The course of the 5-HIAA levels over the first 3 days postpartum differed between infants with and without PNA (p≤0.001) with higher 5-HIAA levels in infants with PNA on day 1 (2.42 mmol/mol, p=0.001). Presence of maternal psychological distress modified this relationship.
A transient disturbance of the neonatal serotonergic system may play a role in the aetiology of PNA. Other factors, including the presence of maternal psychological distress, also seem to play a role.
This article explores the relationship between the sent-down youth movement and economic development in rural China during the Cultural Revolution. It examines ways in which sent-down youth themselves initiated improvements in rural life, and more importantly, how local officials used both their presence to acquire equipment and technical training and their skills and education to promote rural industry. The sent-down youth offices established in the cities and the countryside inadvertently provided connections between remote rural counties and large urban centres that enabled the transfer of a significant quantity of material goods, ranging from electrical wires and broadcast cables to tractors and factory machinery. Ultimately, we show how individual sent-down youths, their families, and both urban and rural officials – none of whom had a role in determining government policies – identified and made use of resources that those policies unintentionally produced.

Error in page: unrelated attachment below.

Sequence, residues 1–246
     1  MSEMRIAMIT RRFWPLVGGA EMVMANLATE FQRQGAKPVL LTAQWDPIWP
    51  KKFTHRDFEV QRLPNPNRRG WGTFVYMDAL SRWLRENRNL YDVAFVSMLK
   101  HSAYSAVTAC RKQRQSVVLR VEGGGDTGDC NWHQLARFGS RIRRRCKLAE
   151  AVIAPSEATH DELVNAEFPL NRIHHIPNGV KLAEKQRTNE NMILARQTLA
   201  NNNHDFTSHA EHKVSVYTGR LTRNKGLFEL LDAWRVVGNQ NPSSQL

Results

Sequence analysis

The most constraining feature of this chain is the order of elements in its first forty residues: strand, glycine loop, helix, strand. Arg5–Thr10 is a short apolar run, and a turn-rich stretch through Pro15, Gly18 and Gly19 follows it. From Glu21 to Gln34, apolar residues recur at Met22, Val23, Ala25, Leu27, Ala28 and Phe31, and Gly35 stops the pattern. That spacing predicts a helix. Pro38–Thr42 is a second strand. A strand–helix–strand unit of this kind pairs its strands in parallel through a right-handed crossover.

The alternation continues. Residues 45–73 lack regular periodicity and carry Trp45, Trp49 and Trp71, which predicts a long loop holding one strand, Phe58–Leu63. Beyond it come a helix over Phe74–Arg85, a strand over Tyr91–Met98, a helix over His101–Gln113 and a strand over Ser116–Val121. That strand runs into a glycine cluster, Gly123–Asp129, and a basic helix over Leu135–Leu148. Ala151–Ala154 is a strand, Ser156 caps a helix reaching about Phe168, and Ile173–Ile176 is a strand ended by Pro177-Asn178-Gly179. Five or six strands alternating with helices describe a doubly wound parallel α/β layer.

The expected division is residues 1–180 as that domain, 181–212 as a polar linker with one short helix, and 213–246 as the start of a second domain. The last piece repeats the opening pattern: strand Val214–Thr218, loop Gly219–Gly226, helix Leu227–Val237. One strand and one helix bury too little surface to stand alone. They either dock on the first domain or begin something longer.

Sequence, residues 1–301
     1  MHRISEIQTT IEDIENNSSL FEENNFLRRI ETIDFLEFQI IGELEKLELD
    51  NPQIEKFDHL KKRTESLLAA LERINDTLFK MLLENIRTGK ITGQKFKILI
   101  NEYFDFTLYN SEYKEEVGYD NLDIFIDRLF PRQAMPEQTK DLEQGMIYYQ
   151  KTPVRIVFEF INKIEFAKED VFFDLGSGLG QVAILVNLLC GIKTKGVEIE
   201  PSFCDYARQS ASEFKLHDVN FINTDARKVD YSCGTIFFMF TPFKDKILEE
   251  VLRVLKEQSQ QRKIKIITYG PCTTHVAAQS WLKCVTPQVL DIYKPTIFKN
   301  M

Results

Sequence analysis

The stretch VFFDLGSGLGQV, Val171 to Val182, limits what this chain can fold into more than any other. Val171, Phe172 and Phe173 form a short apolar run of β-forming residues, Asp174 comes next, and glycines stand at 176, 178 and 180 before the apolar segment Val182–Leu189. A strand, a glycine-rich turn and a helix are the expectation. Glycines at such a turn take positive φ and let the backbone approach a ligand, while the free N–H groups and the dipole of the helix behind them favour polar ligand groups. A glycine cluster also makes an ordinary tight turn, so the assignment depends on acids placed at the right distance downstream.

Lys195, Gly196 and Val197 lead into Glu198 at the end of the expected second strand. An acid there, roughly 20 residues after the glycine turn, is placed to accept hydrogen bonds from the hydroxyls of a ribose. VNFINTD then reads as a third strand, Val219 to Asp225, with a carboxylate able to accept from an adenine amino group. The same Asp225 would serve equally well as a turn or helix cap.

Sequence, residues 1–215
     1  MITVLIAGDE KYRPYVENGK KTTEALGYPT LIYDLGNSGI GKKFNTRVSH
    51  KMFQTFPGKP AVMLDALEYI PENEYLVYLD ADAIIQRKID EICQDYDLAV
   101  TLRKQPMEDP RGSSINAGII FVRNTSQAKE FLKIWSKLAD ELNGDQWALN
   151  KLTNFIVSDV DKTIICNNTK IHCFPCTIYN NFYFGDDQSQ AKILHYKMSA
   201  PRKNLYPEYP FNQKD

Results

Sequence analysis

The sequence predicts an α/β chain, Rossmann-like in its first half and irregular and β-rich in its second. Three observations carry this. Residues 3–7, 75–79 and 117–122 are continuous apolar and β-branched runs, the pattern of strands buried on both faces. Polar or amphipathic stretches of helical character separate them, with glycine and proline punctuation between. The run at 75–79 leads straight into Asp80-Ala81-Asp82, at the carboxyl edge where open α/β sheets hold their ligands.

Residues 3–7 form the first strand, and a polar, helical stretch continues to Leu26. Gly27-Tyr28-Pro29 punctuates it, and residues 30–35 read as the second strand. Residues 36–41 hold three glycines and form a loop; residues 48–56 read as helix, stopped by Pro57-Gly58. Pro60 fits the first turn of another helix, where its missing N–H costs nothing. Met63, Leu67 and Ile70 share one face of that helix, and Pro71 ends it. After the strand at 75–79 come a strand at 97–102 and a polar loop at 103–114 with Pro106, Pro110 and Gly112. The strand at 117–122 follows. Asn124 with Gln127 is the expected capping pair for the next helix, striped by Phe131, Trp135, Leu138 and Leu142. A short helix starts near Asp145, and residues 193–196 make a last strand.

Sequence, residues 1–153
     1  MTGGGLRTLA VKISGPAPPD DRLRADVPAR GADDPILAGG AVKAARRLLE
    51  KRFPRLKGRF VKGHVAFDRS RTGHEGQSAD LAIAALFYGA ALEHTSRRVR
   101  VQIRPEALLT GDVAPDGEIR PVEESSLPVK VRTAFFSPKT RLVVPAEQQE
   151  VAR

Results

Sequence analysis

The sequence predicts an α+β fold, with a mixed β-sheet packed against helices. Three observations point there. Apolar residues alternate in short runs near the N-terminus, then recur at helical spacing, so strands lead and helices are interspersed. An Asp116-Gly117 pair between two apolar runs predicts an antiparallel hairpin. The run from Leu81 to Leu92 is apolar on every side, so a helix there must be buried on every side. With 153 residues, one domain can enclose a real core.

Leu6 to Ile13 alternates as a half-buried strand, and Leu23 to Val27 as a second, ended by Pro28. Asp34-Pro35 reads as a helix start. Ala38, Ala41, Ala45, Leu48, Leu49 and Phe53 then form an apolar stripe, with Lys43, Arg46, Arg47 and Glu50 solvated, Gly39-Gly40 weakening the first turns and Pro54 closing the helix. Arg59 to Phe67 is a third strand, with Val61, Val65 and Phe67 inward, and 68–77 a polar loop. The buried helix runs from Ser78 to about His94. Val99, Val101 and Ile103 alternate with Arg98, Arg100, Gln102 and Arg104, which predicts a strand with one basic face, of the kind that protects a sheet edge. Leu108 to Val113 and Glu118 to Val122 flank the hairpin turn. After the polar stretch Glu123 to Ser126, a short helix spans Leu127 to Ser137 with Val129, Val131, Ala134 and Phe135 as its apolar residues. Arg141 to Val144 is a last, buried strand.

We use information from Social Security earnings records to examine the accuracy of survey responses regarding participation in tax-deferred pension plans. As employer-provided defined benefit pensions are replaced by voluntary contribution plans, employees’ understanding of the link between their annual contributions and their post-retirement wealth is becoming increasingly important. We examine the extent to which wage-earners in the Health and Retirement Study (HRS) correctly report their inclusion in tax-deferred contribution plans and, conditional on inclusion, their annual contributions. We use three samples representing different cohorts in three different periods: the original HRS cohort interviewed in 1992 at ages 51–56, the War Babies cohort interviewed in 1998 at ages 51–56, and the Early Baby Boomer cohort interviewed in 2004 at the same ages. Our findings indicate that while respondents interviewed in 1998 and 2004 were more likely to correctly report whether they were included in defined contribution plans, they were no more accurate when reporting whether they had contributed to their plans than respondents interviewed in 1992. Contributors in the three cohorts, moreover, overstated their annual contributions and thus would be likely to realize lower than expected account balances at retirement. The magnitude of this error is not negligible. In all three cohorts, the mean reporting error (the absolute difference between respondent-reported and Social Security earnings record contributions) was approximately 1.5 times larger than the mean contribution in the W-2 earnings record.